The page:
I've been noticing a lot of longer shirts that are worn loose and have interesting screened art on them....I had a package of 3 white mens undershirts waiting to be DIYed, and this was the perfect project for them.
Materials and Supplies
-Large (I used a men sized Large) white t-shirt
-Black Fabric Paint (found mine at the dollar store)
-Paint Brushes (I used one with a fine tip, and a small flat one with stiff bristles)
-Bristol Board or Cardboard
-Piece of cardboard that will fit in shirt body
-Sewing Machine (or Serger)
1. Decide what type of picture you want on your shirt and draw it out. I knew that I wanted to do a face, so I searched drawings online, printed a few off, and then copied a few details and drew this face. (This is because I am HORRIBLE at drawing, so I pretty much have to copy things..haha)
2. You want your drawing to basically consist of a bunch of lines or shapes...not a lot of detail...simplicity is key. After I figured out my drawing I taped the paper I drew in on onto a piece of bristol board, and used my exacto knife to cut around the parts of the drawing that would be coloured in. If you're good at drawing just draw the picture directly onto the bristol board, and then cut it out.
3. Lay your t-shirt out flat, and cut off the neck band...I cut mine a bit boat-necked.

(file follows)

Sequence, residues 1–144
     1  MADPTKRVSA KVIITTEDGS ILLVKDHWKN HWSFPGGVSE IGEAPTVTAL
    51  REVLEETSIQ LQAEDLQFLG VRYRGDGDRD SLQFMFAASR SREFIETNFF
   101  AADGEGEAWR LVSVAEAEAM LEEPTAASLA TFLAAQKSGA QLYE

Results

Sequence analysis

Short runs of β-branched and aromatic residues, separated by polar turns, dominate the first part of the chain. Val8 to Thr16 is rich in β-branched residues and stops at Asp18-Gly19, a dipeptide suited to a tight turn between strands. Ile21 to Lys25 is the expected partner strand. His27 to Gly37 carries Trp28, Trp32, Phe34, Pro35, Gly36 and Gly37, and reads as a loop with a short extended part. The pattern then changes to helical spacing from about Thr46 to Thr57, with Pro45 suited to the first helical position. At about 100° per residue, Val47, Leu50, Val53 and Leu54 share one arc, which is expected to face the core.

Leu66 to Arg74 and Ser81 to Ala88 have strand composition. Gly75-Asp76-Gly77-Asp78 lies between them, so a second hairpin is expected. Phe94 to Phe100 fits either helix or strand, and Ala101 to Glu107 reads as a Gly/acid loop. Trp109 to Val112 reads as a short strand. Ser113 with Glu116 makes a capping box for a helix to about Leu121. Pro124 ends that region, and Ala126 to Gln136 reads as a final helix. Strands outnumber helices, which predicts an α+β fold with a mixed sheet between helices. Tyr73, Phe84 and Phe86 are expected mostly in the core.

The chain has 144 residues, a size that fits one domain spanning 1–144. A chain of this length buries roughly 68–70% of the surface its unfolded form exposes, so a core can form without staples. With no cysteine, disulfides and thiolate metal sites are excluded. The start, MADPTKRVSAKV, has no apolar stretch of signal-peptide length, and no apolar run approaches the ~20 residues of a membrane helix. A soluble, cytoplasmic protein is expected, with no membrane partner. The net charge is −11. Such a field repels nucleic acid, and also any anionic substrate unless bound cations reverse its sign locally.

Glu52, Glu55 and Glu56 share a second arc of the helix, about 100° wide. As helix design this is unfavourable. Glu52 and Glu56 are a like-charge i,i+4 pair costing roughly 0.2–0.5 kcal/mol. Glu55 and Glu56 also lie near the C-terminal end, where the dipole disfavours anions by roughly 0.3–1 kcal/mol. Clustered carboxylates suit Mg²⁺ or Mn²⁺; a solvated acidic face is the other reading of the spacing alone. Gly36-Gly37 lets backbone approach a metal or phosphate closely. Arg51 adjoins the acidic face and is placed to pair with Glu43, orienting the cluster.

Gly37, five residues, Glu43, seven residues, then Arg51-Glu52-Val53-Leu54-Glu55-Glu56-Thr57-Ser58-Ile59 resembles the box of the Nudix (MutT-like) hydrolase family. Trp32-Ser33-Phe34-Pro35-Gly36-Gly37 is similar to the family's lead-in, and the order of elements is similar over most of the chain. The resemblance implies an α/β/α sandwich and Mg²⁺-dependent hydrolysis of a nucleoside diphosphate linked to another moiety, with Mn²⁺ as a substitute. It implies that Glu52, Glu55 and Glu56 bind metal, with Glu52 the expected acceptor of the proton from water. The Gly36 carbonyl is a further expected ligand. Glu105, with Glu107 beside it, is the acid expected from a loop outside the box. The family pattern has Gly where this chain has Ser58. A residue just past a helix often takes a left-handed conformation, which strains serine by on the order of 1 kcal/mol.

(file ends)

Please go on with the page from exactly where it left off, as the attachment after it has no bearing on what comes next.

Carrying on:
4. Turn the shirt inside out and measure up approximatly 5cm (2") from the bottom seam of the sleeve up and mark this point. Draw a curved line from this point to just below the arm pit seam. Do this on both sleeves, and then sew along this line to take in the baggyness of the sleeve. Trim the excess fabric.
5. Turn the shirt so it's right sides out, and lay it flat on you surface. Insert a piece of cardboard that is close to the same size as the body opening of the shirt. This is so that the paint won't bleeve through to the back of the shirt. Lay out your bristol board stencil that you made onto the front of the shirt.
6. Use a paint brush to paint fabric paint into the stencil. Instead of doing brush strokes, dab up and down. Be sure to hold the stencil down firmly, I put some heavy objects on it to help hold it down. For my face I painted in everything but the lips in this step, instead I used tailoring chalk to draw an outline of the lips for the time being.
7. After the paint has dried a bit (doesn't take long) carefully pull of the stencil. You may have a few areas where the lines are a bit smudged, you can either paint the lines a bit thicker to even it out, or carefully scrape at the paint with the exacto knife...just don't cute through the fabric!!
(This picture below is to show the smudged lines)
8. Use a paint brush to paint fabric glue into the lip outline being sure to not miss any spots or go out of the lines. Pour the glitter onto the glue being sure to cover it completely.
9. Wait for the glue to dry, then shake off the glitter (onto something that you can pour it back into it's container/bag). Use your fingers to "paint" another layer of fabric glue over top of the glitter.
For this project you do not have to make a stencil...the reason I did that was because I'm not a good free hand drawer (especially straight onto fabric)...and I wanted to be able to make more than one shirt with this design.
I really want to try this again, but instead I want to do a tiger face, and use green glitter in the eyes...how cool would that look?
Another idea instead of a glitter accent would be to use small rhinestones (my original plan for the lips, but I didn't have enough)...a studded accent would also be cool.